B.B. Hey I love your blog and im sorry to be off topic but could a crosman 1377 kill a chipmuk at close range? me
Very easily, with perfect shot placement.
would you reccomend a 2240 over a 1377?
That depends on what you want. If it’s autonomy, freedom from support and decent power, get the 1377. If you want hunting power and a .22, get the 2240.
thanks you have great advice and it’s very helpful I am new to your blog and I absolutly love it keep up the great work
oh yea one last thing is co2 better than a hand pump for storage and overall preformance and constant FPS
Almost the opposite. CO2 stores well and so does air. CO2 is not consistent because of temperature dependancy, while air is.
does the 1377 optional stock fit on the 2240?
i’m going with the crosman 1377 thanks for all of your help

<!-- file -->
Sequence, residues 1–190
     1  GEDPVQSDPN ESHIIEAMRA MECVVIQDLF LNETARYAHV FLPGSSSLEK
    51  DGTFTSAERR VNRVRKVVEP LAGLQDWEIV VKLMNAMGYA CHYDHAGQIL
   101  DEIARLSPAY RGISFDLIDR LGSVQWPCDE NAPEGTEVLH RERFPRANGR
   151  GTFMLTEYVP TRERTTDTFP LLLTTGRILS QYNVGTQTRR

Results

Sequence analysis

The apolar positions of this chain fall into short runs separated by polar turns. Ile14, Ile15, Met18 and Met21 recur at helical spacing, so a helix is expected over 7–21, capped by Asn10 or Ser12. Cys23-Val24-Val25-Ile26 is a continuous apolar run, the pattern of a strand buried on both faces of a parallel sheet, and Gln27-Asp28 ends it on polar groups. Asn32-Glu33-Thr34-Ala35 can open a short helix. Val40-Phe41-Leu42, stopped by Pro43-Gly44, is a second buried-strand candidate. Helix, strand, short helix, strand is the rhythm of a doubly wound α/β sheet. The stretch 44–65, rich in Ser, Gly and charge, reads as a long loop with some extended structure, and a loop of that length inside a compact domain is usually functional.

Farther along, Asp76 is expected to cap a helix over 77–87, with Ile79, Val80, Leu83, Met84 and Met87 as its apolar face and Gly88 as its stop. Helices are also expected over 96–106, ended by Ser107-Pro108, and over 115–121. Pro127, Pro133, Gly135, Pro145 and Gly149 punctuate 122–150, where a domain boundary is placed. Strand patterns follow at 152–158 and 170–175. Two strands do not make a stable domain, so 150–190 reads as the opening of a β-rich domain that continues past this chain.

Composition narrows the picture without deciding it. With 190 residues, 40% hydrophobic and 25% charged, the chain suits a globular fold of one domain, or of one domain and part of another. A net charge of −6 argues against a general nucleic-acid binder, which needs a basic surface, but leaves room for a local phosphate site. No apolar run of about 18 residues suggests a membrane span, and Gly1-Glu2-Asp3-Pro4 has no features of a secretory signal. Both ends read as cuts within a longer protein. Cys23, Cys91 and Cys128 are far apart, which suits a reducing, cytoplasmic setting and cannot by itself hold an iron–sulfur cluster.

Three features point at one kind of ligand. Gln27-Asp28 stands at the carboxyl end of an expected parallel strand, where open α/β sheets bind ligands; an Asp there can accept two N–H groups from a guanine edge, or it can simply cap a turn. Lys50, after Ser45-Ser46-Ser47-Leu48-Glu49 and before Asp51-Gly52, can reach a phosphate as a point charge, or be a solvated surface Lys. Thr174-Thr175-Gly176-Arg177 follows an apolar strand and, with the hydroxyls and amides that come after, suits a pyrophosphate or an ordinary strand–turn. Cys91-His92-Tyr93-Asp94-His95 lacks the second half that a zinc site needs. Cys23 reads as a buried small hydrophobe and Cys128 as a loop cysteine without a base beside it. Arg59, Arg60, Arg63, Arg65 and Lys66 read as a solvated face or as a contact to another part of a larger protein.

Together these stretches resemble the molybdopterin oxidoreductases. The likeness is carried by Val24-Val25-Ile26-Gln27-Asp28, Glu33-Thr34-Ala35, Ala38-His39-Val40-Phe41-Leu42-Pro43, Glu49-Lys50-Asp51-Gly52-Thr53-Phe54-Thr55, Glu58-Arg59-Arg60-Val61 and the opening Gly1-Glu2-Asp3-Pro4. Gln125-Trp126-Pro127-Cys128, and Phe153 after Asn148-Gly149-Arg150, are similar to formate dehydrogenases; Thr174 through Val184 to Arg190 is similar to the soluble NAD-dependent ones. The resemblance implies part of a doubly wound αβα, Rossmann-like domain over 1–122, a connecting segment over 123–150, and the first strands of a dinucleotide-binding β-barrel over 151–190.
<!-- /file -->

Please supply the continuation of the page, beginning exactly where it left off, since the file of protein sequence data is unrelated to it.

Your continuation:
I enjoyed your articles on 10 meter shooting. You covered sights and showed a photo of the proper way to stand and hold the rifle. Have you written anything on proper breathing techniques? Length of time to sight the target before squeezing the trigger? Etc.?
Your tips are appreciated. Thanks.
I will cover this in the 10-meter pistol series which is coming up soon, but here you go>
Breathing. Take several deep breaths as you raise the rifle, Then as the rifle settles in position take a last breath and let out about half.
Never hold your breath longer than five seconds. So between settling in on target and the shot, less than 5 seconds elapse. After than your heart starts beating harder, making holding more problematic.